Avenues to invest in silver

Satya Sontanam BL Research Bureau | Updated on September 10, 2020

Unlike gold, investment avenues for silver in India are limited

Silver — the poor man’s gold — has grabbed the attention of investors recently on the back of the stellar rally witnessed in precious metals, gold and silver, this year. As per the London Bullion Market Association, the price of silver has skyrocketed from $17.11 per ounce in December 2019 to $27.43 per ounce now recording year-to-date returns of about 60 per cent.

Unlike gold, the investment avenues for silver in India are quite few. Here, we look at some of the platforms available to bet on the prices of silver, than buying physical silver.

Silver prices can be highly volatile at times and may not be for the faint-hearted. Navneet Damani, VP – Commodities Research, Motilal Oswal Financial Services, says, “Silver prices could be range-bound for years without giving any returns or it could be highly choppy within a short span of time.” He adds, “Investors with a high-risk, high-reward appetite should only be trading / investing in silver, and precious metals as a complex should be around 7.5-10 per cent of an individual’s portfolio.”

Silver F&O — compulsorily deliverable

If you want to bet on silver prices, you can consider trading in the metal’s futures market that offers short-term contracts. In India, the Multi Commodity Exchange (MCX) has higher number of active futures contracts of silver currently compared to other exchanges.

The MCX Silver futures prices have risen by about 40 per cent to ₹68,376 per kg now since the beginning of this year.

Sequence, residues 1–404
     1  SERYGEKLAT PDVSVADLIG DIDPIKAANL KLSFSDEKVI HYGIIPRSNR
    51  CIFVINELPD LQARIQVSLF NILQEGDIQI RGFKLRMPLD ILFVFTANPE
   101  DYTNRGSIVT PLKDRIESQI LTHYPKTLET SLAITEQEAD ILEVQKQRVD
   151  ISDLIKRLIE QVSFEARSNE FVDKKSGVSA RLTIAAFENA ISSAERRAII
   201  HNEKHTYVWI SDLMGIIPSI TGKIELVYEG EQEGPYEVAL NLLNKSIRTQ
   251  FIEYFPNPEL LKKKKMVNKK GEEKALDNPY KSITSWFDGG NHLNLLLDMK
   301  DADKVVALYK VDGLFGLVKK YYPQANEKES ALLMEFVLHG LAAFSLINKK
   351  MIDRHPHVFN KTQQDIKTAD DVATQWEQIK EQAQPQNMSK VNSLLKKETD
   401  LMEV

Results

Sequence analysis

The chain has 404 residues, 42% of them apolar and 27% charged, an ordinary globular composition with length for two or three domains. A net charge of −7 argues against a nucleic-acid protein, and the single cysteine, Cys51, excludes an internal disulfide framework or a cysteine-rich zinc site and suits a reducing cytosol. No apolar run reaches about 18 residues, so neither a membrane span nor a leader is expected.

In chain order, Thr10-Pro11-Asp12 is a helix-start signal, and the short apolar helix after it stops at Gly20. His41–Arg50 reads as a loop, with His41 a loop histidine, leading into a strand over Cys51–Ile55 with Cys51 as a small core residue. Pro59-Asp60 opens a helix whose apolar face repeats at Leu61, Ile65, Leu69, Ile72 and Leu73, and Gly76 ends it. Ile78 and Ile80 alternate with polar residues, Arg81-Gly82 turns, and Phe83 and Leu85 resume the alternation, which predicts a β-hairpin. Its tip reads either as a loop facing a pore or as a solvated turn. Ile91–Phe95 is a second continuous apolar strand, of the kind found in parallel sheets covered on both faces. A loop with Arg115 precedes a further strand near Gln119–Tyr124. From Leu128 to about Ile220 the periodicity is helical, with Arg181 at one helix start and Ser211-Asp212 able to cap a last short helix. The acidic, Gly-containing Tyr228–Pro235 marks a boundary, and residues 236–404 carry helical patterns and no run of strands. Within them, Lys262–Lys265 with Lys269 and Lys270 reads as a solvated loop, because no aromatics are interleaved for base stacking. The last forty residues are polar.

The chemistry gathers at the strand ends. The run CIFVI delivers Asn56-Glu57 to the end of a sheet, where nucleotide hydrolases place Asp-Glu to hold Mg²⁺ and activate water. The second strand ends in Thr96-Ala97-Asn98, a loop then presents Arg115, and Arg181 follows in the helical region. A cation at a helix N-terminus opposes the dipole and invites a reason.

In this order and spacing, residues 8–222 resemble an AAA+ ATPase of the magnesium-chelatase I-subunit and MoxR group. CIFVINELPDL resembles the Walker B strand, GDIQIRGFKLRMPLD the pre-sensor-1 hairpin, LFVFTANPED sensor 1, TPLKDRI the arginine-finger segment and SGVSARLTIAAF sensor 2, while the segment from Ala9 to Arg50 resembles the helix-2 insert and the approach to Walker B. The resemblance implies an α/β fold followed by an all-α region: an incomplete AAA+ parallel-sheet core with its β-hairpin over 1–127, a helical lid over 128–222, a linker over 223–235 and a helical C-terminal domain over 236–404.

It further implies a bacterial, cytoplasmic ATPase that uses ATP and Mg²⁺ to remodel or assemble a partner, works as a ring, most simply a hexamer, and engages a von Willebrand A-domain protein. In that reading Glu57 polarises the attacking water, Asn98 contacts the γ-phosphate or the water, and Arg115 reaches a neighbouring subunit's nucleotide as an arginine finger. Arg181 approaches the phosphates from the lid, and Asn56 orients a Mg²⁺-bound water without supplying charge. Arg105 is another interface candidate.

You can take any position (buy/sell) in these silver future contracts that are available in three sizes — 30 kg, 5 kg (Silver Mini) and 1 kg (Silver Micro). The maximum quantity of silver on which one can enter into a futures contract on MCX is 600 kg per contract.

In the futures market, you do not have to invest the whole value of the contract; you have to put up the margin money only. For instance, if you bought a Silver Mini futures contract of 15 lots worth, say, ₹50 lakh, you need to pay, upfront, only the initial margin. Margin is calculated as a percentage of the contract value and is minimum 8 per cent in case of silver futures contracts on MCX. In our example, the minimum initial margin will be about ₹4 lakh.

A beginner could consider choosing small contracts to keep risks low. Also, trading in large lots will have a higher contract value and thus a higher margin requirement.

In commodity futures contracts, in addition to initial margin, extreme loss margin (minimum 1 per cent on MCX for silver) and additional/special margin in case of higher volatility, if any, in the contract at the end of each trading day is charged.

All MCX silver futures contracts, that are open on the expiry date, have to be compulsorily physically settled at the exchange. In our previous example, the buyer of the futures contract has to take the delivery of 75 kg (15 lots*5 kg) of silver if the buy position is still open on the expiry date.

However, you don’t have to hold the position until the expiry date. You can square off your position (close the open positions by buying counter positions) any time before the expiry date. Or you can also choose to roll over your position to the next contract period.

Other than MCX, silver futures contracts are also available on the leading stock exchanges in India — BSE and NSE; here too, they are in the nature of compulsorily physically deliverable contracts. As futures contracts for commodities on these platforms are relatively new, the liquidity for these contracts is lower.